In the smaller end of the conical wall 20 of the nozzle head of the blower a length of pipe 24 is suitably fixed and with the outer end of this pipe a centrally orificed cap member 25 is connected. This orifice is normally closed by a valve plate 26 yieldingly held against movement relative to the wall of the cap by the spring 27. An adjusting screw 28 is mounted in a suitably formed part fixed on the cap member and has bearing engagement-with one end of the sprin 27 whereby the tension of this spring mayie regulated. Thus, the pressure of the air delivered from the blower to the several tubes 23 and hence to the pipes or tubes 9 may be controlled, and when such pressure exceeds apredetermined limit,the valve plate 26 willbe lifted to permit 'of the escape of the excess pressure through the orifice of thefcap 25.. It will however, be understood that any other suitable or convenient means may be provided for regulating the blower pressure supplied to the jet delivery tubes 9. It is important that the pressure of the air as it is delivered through the jets 11 shall not be too great, as this would have a tendency to spread the fluid ink laterally on the surface of the paper web. It is desirable therefore, to so regulate the operation of the blower that there will be a gentle pressure of air at substantially room temperature distributed more or less uniformlyupon the inked-surface of the paper web at a plurality of vertically spaced points between the upper and lower printing couples during the travel of the web with the moving blanket. I have shown one form of the mechanical apparatus, which in practical use, has given very satisfaptory service.
' It is not possible, in a multi-color web press to use either steam or hot air for the purpose of drying the ink, since the change in tem-' I perature of the paper web resultsin the ex-- pan'sion of the sheet to such an extent that perfect registration of the different colors would not be obtained, notwithstanding the useof the registerin devices between the spaced printing coup es. However, I have been able to insure the complete drying of the. ink impressions with the use of air jets at low pressure, and by releasing a large number of the closely spaced air jets across the moving web at a plurality of vertically spaced points, each impression is repeatedly acted upon by the air jets and the ink is mechanically driven I into the body of the web sheet to be absorbed by the fibers thereof. Thus, even in the highest speed operation of such a press, the ink impressions of one color will be thoroughly dry before the ink impressions of a contrasting color are applied. Thus, I completely avoid the possibility of non-registration'and also obviate the admixture or runthe several advantages thereof particularly when. used in connection with multi-color presses of this type will be fully understood.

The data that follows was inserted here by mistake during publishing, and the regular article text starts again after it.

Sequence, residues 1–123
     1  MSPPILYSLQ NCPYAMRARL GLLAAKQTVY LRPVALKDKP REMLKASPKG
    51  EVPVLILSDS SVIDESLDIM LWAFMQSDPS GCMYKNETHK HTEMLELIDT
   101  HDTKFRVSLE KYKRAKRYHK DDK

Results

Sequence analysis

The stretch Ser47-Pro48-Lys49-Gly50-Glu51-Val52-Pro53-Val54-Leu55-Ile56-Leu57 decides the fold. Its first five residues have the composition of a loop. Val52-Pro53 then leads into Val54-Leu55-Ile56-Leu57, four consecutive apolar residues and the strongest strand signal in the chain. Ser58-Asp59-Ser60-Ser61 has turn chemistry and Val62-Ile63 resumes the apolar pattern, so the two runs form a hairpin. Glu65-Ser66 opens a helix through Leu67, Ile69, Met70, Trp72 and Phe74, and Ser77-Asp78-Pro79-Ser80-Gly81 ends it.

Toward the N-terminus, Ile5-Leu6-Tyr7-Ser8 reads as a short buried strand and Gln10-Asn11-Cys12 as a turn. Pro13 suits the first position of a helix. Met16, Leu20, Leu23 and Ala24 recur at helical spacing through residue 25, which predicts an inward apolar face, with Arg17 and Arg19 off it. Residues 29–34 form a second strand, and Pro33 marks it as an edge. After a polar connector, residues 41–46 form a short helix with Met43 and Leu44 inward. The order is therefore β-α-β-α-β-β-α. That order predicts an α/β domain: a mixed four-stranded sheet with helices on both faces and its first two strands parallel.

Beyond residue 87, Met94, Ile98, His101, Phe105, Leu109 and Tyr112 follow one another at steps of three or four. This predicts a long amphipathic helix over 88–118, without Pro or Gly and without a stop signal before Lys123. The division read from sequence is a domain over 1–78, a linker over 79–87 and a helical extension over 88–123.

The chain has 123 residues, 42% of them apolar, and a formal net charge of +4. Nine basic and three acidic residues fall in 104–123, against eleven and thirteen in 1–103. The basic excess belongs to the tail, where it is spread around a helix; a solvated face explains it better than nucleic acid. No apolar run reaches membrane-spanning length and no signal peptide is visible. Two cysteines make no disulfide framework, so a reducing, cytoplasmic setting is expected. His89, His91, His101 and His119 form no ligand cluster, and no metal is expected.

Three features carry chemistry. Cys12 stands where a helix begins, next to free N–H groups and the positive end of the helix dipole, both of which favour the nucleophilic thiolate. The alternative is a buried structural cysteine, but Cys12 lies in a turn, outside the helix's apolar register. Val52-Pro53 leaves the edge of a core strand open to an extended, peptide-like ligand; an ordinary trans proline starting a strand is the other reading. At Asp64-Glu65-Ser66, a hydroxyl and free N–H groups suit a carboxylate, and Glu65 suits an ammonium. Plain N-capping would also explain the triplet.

It is apparent of course, that the method is likewise applicable to presses of various other types and in which the spaced printing couples may be otherwise mounted and arranged than as indicated in the accompanying drawings.
Accordingly, it is to be understood that in so far as the mechanical features of the present disclosure are concerned, various changes in detail and in the'application and arrangement of the apparatus with respect to the traveling web or sheet, as well as possible variations or equivalents for the several novel steps of my new method mightbe resorted to. I therefore, reserve the privilege of adopting various changes in these particulars, as may supporting the paper web at one side thereof and substantially for the entire distance between the spaced printing couples against de flection from its plane of movement, and subjecting the opposite printed side of the paper web to'a gentle fluid pressure acting directly upon the ink to cause the same to be substantially wholly absorbed by the web fibers.
2.-A method of drying ink impressions in a web press having vertically spaced print- 11! couples each consisting of a printing cy der and a presser roll which consists in supportingthepaper web atone side thereof and substantially for the entire distance be- A tween the spaced printing couples against deflection from its plane of movement, and means for subjecting the opposite printed side of the paper web at a plurality of spaced points between the printing couples to thenction of a multiplicity of low pressure a1r jets whereby the ink impressions are repeatedly acteduponby a comparatively gentle pressure causing the fluid ink to impregnate the web and be substantially wholly absorbed by the fibers thereof;
3. In combination with a web press having vertically spaced printing couples each eoni sisting of a printing cylinder and a presser roll, a rigid backing plate at one side of the web extending substantially the entire vertical distance between the printing couples and preventing de l ction of the web in one direction from its plane of movement, and means extending across the paper web at the opposite side thereof for delivering unheated air at low pressure against the printed surface of the web tithereby cause the fluid ink to impregnate the Web and be substantially wholly absorbed by the fibers thereof.
4. In combination with a web press having vertically spaced printing couples each consisting of a printing cylinder and a presser roll, a rigid backing plate at one side of the web extending substantially the entire vertical distance between the printing couples and preventing deflection of the web in one direction from its plane of movement, and a plurality of vertically spaced air jet delivery tubes extending-across the paper web at the an opposite side thereof each delivering a mulw tiplicity of unheated air jets iiat low pressure against the moving web in direction substantially at right angles to said backing plate, said'air jets exerting a relatively en- 85 tle pressure directlyupon the fluid n to cause the same to impregnate the web sheet and be substantially wholly absorbed by the fibers thereof. I I
In testimony that I claim the foregoing 4.0 is my invention, I have signed iny name ereto. i
CHARLES F. nAUsiiANN.